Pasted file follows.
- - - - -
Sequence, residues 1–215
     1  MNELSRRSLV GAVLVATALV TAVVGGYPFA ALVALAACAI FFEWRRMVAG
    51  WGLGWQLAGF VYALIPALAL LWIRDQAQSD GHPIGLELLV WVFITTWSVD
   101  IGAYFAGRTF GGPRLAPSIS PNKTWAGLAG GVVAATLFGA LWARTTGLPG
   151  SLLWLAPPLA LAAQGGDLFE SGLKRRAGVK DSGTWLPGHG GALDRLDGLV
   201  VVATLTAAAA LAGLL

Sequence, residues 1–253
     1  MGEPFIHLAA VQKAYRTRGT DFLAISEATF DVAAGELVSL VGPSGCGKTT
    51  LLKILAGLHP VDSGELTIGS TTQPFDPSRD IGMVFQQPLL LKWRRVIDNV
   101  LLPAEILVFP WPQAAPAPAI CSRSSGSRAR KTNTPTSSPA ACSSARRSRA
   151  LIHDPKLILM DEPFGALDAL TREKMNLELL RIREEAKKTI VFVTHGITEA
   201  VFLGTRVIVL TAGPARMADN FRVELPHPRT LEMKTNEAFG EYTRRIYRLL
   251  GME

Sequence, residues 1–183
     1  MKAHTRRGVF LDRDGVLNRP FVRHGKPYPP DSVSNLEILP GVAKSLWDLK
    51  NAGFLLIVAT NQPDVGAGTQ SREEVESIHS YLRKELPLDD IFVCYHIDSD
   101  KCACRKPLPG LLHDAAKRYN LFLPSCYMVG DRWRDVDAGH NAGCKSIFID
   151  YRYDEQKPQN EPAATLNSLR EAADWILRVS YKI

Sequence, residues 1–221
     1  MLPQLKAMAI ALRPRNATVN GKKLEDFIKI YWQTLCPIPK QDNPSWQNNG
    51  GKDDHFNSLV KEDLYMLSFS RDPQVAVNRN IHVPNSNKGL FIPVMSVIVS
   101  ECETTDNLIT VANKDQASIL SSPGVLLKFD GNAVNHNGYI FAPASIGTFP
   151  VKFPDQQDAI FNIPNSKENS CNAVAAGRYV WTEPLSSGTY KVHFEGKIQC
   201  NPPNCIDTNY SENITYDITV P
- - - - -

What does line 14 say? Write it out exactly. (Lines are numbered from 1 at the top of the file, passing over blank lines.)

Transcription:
Sequence, residues 1–183